On the trending list there's always a bunch of shit recommendations that are mostly sensationalistic in nature, but I won't ever touch that crap with a 10 foot pole, so no harm done.

    But you gotta see that this isn't unique to YouTube. Facebook and Twitter do the same crap. Facebook has suggested pages, people and posts, their annoying suggested news feed order that always put the crap on top, plus a bunch of other stuff that always suggest crap to you if you don't take good care of the content you keep on the news feed.
    Twitter has the cancerous trending crap, plus that Moments page that is always littered with garbage. Perhaps neither are as radicalizing as YouTube, but it probably depends on how you use those platforms.

    The problem in all of those is not how the platforms itself works... it's the people. The users. The ignorant masses that are always posting and then feeding, watching all this crap. It's a popularity contest, and popular shit often times is the worst.

  • by kwikrick ( 755625 ) on Monday March 12, 2018 @04:04AM (#56245637) Homepage Journal

    YouTube basically just recommends those videos that other people watched frequently (and probably some more statistics like how long they watched it, whether they commented on it, what other videos they watched, etc.). And of course, what video's you watched yourself. The YouTube algorithm simply gave this journalist what he was apparently looking for - the same as most people on the internet. Don't blame YouTube for people's lust for the extreme, crazy, stupid.

  • by shanen ( 462549 ) on Monday March 12, 2018 @04:29AM (#56245667) Homepage Journal

    Certainly matches my own experiences on YouTube, though I think it's not purely the EVIL of the google that's driving it. I'm convinced that there are also trolls who are loving the chaos and who are strategically promoting their videos to be linked from opposition videos. Less annoying but similar to the original article are extremists who are also involved in strategic promotion of their videos to viewers of other videos that they regard as sympathetic.

    However, as gawdawful as the EVIL google and the most EVIL YouTube have become, I'm convinced that Facebook and Twitter are worse. Much worse.

    And yet all of these problems could be greatly reduced by the use of EPR (Earned Public Reputation) to gently filter in favor of nice folks. The trolls and other villains can be nudged back under invisible rocks to amuse themselves and the play with the few people who enjoy that form of slumming. I have much better uses for my time.

    • it's not purely the EVIL of the google that's driving it.

      Citation required

      • by shanen ( 462549 )

        Many of my posts discuss the problems of corporate cancerism. Feel free to look them over.

        Do you perhaps have any evidence that the google is not a cancer?

    • "And yet all of these problems could be greatly reduced by the use of EPR (Earned Public Reputation) to gently filter in favor of nice folks. The trolls and other villains can be nudged back under invisible rocks to amuse themselves and the play with the few people who enjoy that form of slumming "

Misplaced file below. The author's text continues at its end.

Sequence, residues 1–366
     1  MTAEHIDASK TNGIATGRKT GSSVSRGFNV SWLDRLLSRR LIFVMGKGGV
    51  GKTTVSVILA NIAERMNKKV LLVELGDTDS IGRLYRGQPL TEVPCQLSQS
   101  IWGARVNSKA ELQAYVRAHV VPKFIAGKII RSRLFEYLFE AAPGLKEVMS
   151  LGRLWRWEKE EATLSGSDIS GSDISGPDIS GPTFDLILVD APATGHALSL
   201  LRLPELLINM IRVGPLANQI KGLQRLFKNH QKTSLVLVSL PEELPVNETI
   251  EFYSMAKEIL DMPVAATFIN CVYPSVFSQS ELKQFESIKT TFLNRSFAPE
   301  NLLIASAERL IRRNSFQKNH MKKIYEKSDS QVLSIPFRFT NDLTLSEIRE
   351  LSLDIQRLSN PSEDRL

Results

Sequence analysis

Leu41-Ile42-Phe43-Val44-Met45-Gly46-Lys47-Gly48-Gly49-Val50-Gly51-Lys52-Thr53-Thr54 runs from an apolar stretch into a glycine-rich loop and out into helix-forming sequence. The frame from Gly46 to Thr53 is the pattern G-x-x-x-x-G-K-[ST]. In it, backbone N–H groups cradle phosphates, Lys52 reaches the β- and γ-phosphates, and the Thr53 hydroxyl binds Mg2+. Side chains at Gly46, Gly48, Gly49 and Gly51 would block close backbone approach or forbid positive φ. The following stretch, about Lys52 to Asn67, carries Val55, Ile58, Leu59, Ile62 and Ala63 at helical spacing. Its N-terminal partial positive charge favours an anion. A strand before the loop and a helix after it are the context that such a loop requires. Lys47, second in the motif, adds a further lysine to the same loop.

Boo! Poor quality post, 1 star. Better be nice to me or ill one star you again! []

      • by shanen ( 462549 )

        If that was a bid for a funny mod, you didn't deserve any, and so far you haven't gotten any. That anecdote does not prove the Slashdot moderation system is working well.

        However, in EPR terms, I think it might deserve negative votes on the "polite" or "thoughtful" dimensions.

    • That's a great idea. Rather than having people who agree with you always show up, just see nice people who may have a different viewpoint. That's sort of like the Interesting mod on Slashdot. I use it to signify: I don't agree with you, but you bring up a good point.

      If Google is curating thought, why don't they use that power for good? Oh wait... I forgot, their only interest is getting more eyeballs to look at ads. Never mind.

      • by shanen ( 462549 )

        That's very close to the heart of the problem, and I wish I had an insightful mod point for you (even though that's a fuzzy and almost meaningless dimension). I have actually read that the google's secret reputation vector for each identity has around 700 dimensions. To a certain degree, I think that EPR is a kind of return sharing of the information that the google (including YouTube) is already collecting about each of us, but I think it should be limited to the intentionally public information. In other

        • by Mashiki ( 184564 )

          Unfortunately the politicians (especially the Bolshevik Republicans) feel differently. Extremely differently. In accord with their bribes, they write the laws to permit the soulless and inhuman corporations to own OUR privacy. Minor and limited exceptions if you can afford enough lawyers.

          That ah, should be democrats. They're the big money takers from Google, Facebook, Twitter, various "technology" groups that are pushing that allowance of corporations to own your privacy. Maybe you should spend a bit of time looking at who's donating to who? Spend a few hours reading [] for example.

  • Human curiosity draws us to new and exciting things. I'm not sure how driving a tricycle would interest anyone who already drives a grown-up bike on a daily basis.

    This all seems kinda logical. If you're interested in topics outside of mainstream political view, there is no other choice than show you conspiracy theories... because every theory outside of mainstream has the potential to be a conspiracy theory until it's proven. I would go as far as to say that it is a pretty good guess that you'll find a cons

  • by PhantomHarlock ( 189617 ) on Monday March 12, 2018 @05:05AM (#56245723)